1Timothy 2:1 I exhort therefore, that, first of all, supplications, prayers, intercessions, and giving of thanks, be made for all men; 2 For kings, and for all that are in authority; that we may lead a quiet and peaceable life in all godliness and honesty.
Yesterday, the European Union (Withdrawal) (No. 2) Act 2019 became law. Boris Johnson has dubbed it the ‘Surrender Act’. It compels him to ask for an extension to Article 50 for another three months past 31st October if Parliament has not approved a withdrawal deal with the EU. Then it allows the EU to specify the length of an extension.
Mr Johnson gave his word during his election campaign that he would take the UK out of the EU on Halloween. His words were, ‘Do or die’, ‘Come what may’. So what are his options?
Here we urge prayer for him to keep his word and refuse to send the letter drafted for him. We’ll argue he should dare the Remainers to take action against him. Mr Johnson may not be washed in the blood of the Lamb. Nevertheless, he is doing the will of the Lord in taking the UK out of the EU’s Revived Roman Empire. If that is the case, he may say:
Psalm 118:6 The LORD is on my side; I will not fear: what can man do unto me?
What indeed can they do? We shall explore their options – and his – below.
An issue of trust
Also yesterday, for the second time, the Government lost a vote on holding a general election in October. Why will the Opposition not agree to an October general election? They say it’s because they want to see their new Act put into effect first. But they also know that electoral success for the Conservatives depends on Boris delivering on his promise to take the UK out of the EU on Halloween whatever happens.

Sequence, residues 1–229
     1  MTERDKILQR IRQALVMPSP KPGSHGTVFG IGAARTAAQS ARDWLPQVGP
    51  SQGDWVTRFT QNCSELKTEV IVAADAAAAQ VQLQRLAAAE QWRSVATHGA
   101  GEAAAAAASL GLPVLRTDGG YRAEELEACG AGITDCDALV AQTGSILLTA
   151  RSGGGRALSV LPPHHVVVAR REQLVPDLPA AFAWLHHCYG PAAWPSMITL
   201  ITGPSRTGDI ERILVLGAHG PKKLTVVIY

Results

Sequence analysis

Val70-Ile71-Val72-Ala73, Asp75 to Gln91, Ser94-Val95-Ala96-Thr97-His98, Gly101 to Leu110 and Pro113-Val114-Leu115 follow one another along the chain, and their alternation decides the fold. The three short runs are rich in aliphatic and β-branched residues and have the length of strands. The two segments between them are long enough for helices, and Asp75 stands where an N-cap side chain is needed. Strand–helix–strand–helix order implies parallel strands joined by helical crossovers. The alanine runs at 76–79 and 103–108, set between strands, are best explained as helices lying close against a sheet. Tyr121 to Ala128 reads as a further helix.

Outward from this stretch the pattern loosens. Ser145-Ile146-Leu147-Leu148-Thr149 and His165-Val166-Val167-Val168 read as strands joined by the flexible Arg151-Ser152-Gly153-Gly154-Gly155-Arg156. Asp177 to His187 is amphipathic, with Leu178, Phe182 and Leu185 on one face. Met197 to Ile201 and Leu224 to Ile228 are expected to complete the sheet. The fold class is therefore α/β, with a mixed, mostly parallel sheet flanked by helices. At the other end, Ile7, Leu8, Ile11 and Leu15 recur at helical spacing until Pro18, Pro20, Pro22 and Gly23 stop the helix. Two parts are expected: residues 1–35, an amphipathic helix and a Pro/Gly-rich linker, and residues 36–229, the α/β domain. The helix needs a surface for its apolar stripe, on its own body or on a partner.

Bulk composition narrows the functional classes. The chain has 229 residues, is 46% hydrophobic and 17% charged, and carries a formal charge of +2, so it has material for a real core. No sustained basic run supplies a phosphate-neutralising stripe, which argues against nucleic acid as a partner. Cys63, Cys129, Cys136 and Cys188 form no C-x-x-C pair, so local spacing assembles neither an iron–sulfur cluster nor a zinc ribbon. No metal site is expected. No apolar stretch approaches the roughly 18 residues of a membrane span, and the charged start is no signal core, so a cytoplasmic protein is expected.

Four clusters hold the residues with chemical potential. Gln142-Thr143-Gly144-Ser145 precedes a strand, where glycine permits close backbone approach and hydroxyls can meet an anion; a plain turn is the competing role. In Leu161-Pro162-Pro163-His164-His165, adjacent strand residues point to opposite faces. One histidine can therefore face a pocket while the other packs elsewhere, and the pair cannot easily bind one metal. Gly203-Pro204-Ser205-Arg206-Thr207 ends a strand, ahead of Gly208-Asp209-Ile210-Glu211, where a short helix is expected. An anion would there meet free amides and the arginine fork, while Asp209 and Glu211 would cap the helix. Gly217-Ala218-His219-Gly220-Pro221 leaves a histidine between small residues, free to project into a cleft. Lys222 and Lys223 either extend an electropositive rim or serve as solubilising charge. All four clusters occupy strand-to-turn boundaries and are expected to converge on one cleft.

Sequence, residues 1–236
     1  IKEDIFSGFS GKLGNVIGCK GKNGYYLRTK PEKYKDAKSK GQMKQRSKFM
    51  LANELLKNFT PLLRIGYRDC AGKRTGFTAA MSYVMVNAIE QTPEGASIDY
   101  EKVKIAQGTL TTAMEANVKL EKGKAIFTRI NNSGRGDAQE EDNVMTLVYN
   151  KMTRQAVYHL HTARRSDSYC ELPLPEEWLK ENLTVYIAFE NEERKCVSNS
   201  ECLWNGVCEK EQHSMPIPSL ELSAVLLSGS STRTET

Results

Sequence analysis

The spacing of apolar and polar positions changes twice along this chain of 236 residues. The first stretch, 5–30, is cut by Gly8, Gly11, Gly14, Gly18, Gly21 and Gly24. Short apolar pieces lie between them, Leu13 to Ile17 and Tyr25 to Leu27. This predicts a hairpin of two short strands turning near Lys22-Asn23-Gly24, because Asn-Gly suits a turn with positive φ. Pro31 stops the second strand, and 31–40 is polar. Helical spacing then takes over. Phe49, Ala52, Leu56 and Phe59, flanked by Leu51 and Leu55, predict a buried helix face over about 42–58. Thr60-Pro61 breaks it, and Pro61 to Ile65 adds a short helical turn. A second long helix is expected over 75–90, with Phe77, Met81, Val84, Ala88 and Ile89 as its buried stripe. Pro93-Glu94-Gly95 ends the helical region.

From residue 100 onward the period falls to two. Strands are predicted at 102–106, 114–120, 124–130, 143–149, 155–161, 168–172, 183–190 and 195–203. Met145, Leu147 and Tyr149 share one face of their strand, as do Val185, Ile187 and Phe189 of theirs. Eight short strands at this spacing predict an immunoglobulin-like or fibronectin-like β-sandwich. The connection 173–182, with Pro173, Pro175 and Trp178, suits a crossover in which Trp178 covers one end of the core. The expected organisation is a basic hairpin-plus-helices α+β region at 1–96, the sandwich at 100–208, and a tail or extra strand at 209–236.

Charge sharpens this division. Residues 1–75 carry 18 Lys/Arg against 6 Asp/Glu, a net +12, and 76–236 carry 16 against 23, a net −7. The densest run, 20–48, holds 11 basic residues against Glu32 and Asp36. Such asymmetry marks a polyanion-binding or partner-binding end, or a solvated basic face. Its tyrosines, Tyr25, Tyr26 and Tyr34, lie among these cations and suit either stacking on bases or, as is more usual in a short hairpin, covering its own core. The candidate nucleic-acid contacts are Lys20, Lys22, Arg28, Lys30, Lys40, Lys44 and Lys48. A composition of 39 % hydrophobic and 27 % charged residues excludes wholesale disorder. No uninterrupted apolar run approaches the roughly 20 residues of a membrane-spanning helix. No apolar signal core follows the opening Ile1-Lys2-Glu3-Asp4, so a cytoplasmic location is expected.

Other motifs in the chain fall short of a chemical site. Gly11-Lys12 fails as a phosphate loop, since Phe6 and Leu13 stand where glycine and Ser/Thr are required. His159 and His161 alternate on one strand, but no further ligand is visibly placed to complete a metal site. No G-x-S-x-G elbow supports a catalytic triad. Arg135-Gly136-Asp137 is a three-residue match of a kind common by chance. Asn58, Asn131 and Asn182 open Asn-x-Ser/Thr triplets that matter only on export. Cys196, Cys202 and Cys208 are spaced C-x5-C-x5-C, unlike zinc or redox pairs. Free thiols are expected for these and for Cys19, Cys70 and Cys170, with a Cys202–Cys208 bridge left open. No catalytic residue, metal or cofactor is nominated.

The Sun put it well: ‘They have defeated the Government on its central policy — but intend to keep it trapped in office for fear that an election will hand Boris the convincing victory polls indicate.’
John Crace, the Guardian’s sneering opinion-writer, said on BBC on Saturday morning (7th September 2019) there was an ‘issue of trust’ with Boris Johnson. Opposition MPs do not trust Boris Johnson to abide by their new law. Why do they not trust him to abide by it? Funnily enough, it’s because they trust him to keep his word. Whether they are right to do so is another matter, but he says he would rather ‘be dead in a ditch’ than ask for a ‘pointless’ delay.
The real issue of trust
So the real issue of trust works like this: Firstly, the Opposition appear not to trust Mr Johnson to break his word. Secondly, the Opposition certainly do not trust themselves to win an October general election. That is with good reason. Labour are so far behind in the polls they could not win a majority, as things stand.
Moreover, suppose the Tories were to enter into a pact with the Brexit Party. Each stood aside in the other’s winnable seats. In that event there could easily be a thumping No-Deal majority in a new October House of Commons.
Then Hilary Benn’s Surrender Act would be repealed. The UK would leave the EU without a deal on 31st October. But delay Brexit past All Hallows’ E’en and the polling shows the Tories as toast and victory for the Opposition. But on top of that, this is still a spiritual war. The prospect of leaving without a deal, or even leaving the EU at all, terrifies true Remainers.